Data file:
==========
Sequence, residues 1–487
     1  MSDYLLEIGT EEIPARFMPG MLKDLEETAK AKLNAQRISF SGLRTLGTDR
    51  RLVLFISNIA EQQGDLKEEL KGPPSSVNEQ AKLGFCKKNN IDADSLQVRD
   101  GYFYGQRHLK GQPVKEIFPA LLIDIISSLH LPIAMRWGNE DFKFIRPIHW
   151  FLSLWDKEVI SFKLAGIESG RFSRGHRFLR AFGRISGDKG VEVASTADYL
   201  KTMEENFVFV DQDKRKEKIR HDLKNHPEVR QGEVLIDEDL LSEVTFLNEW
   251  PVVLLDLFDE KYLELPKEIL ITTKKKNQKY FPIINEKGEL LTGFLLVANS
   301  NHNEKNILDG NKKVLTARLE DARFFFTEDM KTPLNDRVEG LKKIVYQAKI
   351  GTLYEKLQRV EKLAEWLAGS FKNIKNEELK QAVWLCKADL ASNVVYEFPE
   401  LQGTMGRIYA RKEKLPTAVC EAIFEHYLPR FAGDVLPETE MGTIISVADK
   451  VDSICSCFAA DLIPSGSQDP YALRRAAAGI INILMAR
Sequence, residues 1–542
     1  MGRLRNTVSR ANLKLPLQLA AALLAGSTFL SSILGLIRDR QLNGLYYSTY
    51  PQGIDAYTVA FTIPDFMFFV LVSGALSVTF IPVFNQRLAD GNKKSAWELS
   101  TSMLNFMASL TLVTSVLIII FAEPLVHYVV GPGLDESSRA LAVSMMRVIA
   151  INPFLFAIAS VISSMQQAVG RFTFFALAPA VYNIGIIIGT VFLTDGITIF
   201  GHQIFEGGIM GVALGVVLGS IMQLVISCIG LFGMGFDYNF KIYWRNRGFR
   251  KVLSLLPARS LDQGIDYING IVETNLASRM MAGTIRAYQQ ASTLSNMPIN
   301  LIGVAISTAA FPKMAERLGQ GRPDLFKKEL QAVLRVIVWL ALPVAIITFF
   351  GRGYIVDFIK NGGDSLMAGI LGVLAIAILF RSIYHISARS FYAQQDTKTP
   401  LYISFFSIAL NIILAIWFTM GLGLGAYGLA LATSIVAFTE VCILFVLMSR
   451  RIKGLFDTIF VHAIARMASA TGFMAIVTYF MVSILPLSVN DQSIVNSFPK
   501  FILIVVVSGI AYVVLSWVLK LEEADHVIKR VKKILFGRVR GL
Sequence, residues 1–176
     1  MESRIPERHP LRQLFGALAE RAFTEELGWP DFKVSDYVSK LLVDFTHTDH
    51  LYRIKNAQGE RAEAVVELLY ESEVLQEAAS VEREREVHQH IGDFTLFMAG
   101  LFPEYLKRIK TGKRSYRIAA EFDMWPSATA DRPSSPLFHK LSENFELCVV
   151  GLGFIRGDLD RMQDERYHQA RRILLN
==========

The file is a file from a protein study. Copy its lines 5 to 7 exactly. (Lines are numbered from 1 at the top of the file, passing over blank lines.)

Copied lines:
   151  FLSLWDKEVI SFKLAGIESG RFSRGHRFLR AFGRISGDKG VEVASTADYL
   201  KTMEENFVFV DQDKRKEKIR HDLKNHPEVR QGEVLIDEDL LSEVTFLNEW
   251  PVVLLDLFDE KYLELPKEIL ITTKKKNQKY FPIINEKGEL LTGFLLVANS